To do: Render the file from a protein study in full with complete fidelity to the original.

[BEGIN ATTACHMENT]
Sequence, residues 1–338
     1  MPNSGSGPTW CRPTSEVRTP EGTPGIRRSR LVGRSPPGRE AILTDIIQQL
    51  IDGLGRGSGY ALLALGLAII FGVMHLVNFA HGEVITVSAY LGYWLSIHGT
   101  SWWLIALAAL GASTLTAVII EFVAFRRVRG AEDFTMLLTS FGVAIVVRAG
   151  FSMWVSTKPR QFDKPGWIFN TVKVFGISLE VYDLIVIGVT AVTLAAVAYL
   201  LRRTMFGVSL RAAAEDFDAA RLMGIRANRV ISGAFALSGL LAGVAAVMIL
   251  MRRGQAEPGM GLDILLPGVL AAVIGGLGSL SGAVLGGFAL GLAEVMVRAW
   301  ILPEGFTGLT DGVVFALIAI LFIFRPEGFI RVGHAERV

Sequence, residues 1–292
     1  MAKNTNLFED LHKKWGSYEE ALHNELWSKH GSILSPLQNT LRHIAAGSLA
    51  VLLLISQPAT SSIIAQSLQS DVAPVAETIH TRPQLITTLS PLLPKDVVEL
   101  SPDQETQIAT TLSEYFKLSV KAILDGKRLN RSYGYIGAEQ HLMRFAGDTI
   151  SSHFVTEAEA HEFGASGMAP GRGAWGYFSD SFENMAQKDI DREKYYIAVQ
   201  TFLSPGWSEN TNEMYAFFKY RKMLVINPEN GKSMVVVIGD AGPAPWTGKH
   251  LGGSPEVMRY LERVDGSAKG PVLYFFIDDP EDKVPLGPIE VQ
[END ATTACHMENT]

Sequence, residues 1–338
     1  MPNSGSGPTW CRPTSEVRTP EGTPGIRRSR LVGRSPPGRE AILTDIIQQL
    51  IDGLGRGSGY ALLALGLAII FGVMHLVNFA HGEVITVSAY LGYWLSIHGT
   101  SWWLIALAAL GASTLTAVII EFVAFRRVRG AEDFTMLLTS FGVAIVVRAG
   151  FSMWVSTKPR QFDKPGWIFN TVKVFGISLE VYDLIVIGVT AVTLAAVAYL
   201  LRRTMFGVSL RAAAEDFDAA RLMGIRANRV ISGAFALSGL LAGVAAVMIL
   251  MRRGQAEPGM GLDILLPGVL AAVIGGLGSL SGAVLGGFAL GLAEVMVRAW
   301  ILPEGFTGLT DGVVFALIAI LFIFRPEGFI RVGHAERV

Sequence, residues 1–292
     1  MAKNTNLFED LHKKWGSYEE ALHNELWSKH GSILSPLQNT LRHIAAGSLA
    51  VLLLISQPAT SSIIAQSLQS DVAPVAETIH TRPQLITTLS PLLPKDVVEL
   101  SPDQETQIAT TLSEYFKLSV KAILDGKRLN RSYGYIGAEQ HLMRFAGDTI
   151  SSHFVTEAEA HEFGASGMAP GRGAWGYFSD SFENMAQKDI DREKYYIAVQ
   201  TFLSPGWSEN TNEMYAFFKY RKMLVINPEN GKSMVVVIGD AGPAPWTGKH
   251  LGGSPEVMRY LERVDGSAKG PVLYFFIDDP EDKVPLGPIE VQ